Heart Health and Sleep: The Connection You Need to Know

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Restful nights and a healthy heart might sound like two unrelated goals, but in reality, the two rely heavily on one another. From organ function to reducing the risk of chronic diseases, there is a connection between heart health and your sleep that you need to know. Dive in to learn exactly how they’re connected and how you can keep your heart strong.

Our hearts beat regularly until the day we die, but did you know that your sleep patterns can play a large part in the health of your heart? You likely already know that a lack of sleep can be detrimental to your wellbeing, but do you know just how big of an impact it can have on your heart health? Here are a few of the ways that sleep affects your cardiovascular health:

  • Blood pressure – Research suggests that our bodies experience an increase in our resting blood pressure if we get insufficient sleep.
  • Energy level – This is closely linked to our blood pressure. Suffering from fatigue can make it harder for your body to self-regulate its blood pressure, leading to a higher risk of heart problems.
  • Cholesterol – sleep deprivation has been shown to lead to higher levels of low-density lipoprotein, known as “bad” cholesterol that can increase the risk for heart attack, stroke, and other cardiovascular conditions.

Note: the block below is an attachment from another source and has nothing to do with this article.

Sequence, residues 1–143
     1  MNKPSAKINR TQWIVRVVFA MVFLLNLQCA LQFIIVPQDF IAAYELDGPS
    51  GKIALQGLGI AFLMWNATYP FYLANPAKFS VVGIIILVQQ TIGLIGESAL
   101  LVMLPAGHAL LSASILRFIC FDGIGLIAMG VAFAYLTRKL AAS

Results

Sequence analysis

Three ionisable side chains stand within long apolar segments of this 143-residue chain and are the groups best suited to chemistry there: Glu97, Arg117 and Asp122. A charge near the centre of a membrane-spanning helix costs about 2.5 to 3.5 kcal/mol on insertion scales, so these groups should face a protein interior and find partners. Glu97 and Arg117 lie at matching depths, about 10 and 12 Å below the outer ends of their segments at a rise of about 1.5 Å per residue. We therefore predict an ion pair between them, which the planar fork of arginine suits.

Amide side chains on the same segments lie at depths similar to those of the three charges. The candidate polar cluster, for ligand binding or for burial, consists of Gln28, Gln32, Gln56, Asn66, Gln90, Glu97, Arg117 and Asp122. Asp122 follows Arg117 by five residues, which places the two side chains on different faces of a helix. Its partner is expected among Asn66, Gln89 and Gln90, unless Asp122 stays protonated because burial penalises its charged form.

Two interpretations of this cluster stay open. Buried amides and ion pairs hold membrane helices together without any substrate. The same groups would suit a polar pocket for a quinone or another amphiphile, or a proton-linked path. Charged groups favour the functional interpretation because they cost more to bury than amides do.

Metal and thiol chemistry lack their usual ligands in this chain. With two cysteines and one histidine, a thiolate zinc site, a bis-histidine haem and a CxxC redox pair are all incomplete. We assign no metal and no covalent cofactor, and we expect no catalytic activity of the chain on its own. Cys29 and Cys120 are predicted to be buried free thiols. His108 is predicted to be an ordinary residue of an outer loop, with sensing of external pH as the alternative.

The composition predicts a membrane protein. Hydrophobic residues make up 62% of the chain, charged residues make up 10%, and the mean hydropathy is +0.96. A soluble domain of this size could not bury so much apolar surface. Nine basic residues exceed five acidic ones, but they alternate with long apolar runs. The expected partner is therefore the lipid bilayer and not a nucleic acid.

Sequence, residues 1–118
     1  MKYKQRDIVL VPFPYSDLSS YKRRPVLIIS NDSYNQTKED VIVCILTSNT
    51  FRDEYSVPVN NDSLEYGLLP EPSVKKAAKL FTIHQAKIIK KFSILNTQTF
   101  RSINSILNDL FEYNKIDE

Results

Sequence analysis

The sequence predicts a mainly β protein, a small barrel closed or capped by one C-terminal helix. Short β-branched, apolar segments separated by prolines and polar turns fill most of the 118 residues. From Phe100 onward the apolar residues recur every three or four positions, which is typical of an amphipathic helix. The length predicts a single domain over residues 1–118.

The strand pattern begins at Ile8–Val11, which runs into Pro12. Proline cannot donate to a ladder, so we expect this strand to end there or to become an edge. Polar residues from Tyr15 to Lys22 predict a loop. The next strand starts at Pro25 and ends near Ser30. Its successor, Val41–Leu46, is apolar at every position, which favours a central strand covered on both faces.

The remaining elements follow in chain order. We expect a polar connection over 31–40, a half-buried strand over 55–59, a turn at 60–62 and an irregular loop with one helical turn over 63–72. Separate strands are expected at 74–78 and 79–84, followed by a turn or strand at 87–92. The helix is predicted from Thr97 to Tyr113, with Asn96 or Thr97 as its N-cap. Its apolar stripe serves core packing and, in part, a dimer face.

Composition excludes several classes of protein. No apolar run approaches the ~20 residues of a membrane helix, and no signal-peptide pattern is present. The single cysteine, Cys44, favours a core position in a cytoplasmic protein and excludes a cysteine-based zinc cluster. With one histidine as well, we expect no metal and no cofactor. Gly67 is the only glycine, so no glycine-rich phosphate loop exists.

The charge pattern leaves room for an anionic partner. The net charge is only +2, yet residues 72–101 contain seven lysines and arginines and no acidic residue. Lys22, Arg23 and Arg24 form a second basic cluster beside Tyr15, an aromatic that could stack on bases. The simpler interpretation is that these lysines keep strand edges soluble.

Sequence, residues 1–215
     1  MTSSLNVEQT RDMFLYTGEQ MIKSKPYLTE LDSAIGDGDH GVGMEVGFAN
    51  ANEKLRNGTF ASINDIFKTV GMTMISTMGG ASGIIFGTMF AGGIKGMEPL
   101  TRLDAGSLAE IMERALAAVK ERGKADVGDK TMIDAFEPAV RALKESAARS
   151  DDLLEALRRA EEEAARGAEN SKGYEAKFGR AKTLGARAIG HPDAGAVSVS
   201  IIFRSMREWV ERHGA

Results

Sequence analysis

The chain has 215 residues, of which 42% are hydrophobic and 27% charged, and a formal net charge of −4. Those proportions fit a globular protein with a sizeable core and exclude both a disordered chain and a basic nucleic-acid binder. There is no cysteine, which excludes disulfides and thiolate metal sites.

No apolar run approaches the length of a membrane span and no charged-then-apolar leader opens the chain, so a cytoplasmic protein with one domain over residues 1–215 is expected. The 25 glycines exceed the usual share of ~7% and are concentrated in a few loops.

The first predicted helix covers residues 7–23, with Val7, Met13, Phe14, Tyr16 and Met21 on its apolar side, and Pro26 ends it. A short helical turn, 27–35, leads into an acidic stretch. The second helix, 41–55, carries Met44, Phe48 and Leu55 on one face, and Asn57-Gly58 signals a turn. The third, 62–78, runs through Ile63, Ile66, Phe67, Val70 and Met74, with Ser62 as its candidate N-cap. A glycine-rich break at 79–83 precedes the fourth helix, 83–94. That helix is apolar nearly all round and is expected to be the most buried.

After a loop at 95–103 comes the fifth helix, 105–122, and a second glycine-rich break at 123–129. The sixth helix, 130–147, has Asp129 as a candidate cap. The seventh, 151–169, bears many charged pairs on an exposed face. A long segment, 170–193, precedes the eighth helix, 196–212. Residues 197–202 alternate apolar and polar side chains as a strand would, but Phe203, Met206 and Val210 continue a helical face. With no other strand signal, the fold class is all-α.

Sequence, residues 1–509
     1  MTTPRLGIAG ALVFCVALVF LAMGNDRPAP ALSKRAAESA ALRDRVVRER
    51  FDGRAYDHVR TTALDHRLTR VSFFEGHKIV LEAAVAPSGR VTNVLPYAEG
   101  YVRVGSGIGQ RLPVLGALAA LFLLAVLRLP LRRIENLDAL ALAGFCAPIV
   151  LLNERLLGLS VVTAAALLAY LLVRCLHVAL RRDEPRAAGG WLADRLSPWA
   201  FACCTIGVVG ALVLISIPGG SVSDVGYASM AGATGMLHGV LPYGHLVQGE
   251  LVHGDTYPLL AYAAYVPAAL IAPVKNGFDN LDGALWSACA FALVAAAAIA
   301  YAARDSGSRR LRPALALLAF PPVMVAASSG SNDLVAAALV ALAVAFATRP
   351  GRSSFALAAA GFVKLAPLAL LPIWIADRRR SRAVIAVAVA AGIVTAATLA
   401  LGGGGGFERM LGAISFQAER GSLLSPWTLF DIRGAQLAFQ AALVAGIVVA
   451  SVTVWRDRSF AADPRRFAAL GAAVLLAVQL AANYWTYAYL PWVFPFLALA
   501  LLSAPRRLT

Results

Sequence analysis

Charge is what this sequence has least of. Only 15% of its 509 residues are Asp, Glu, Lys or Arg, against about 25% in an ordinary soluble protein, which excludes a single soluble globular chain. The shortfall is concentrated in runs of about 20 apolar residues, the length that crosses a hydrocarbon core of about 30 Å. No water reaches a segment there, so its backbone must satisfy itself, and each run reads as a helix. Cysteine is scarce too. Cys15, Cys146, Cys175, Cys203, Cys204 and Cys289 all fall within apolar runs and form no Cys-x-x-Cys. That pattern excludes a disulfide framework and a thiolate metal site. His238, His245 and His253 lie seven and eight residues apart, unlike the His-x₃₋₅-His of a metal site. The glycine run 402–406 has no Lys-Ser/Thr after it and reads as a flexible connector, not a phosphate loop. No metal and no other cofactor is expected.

It’s important to note that these risks increase over time if your sleep pattern is consistently poor. Your best bet is to work towards cultivating a regular sleep schedule that can help to protect your cardiovascular wellbeing. To do this, you should aim to get between 7-9 hours of sleep every night and try to limit the magnitude of your daily physical exertion.

Adopting better sleeping habits can help to prevent the many cardiovascular risks that arise from poor sleep. By understanding the surprising links between heart health and sleep, we can each work to achieve better cardiovascular health.

2. What Good Sleep Can Do for Your Heart

Getting a great night’s sleep provides far more benefits than merely feeling less tired the following day. Good sleep also has a significant impact on our long-term physical and mental health, including the heart.

For starters, adequate sleep helps reduce cholesterol and other cardiovascular risk factors, setting the stage for better overall heart health in the future. When we are tired, our bodies are more likely to produce the kinds of hormones and compounds that are associated with higher cholesterol levels. Furthermore, our bodies are programmed to want to consume more when we get too little rest, leading us to eat more foods that are harmful to our hearts.

Getting enough sleep, however, helps to reduce these risk factors, reducing the chances of suffering from heart disease in the future. Poor sleep has been linked to inflammation, an established risk factor for heart disease development. Also, studies suggest that good sleep supports healthy blood pressure levels, two powerful elements in maintaining a healthy heart.

Finally, good sleep reduces stress, an important factor in protecting yourself from heart disease. Stressful and anxious feelings are known to increase the risk of cardiovascular problems. On the other hand, adequate sleep aligns the body for better health and reduces emotions of stress, distraction, and anxiety.

3. How a Lack of Sleep Puts You at Risk

Audience: General.

If you don’t get enough sleep at night, you’re putting your physical and mental wellbeing at risk. Here’s a look at how sleep deprivation can affect your day-to-day life:

  • It decreases alertness and productivity. Your brain just can’t focus and maintain attention levels when you don’t get the required amount of sleep. This can affect your performance at work or school.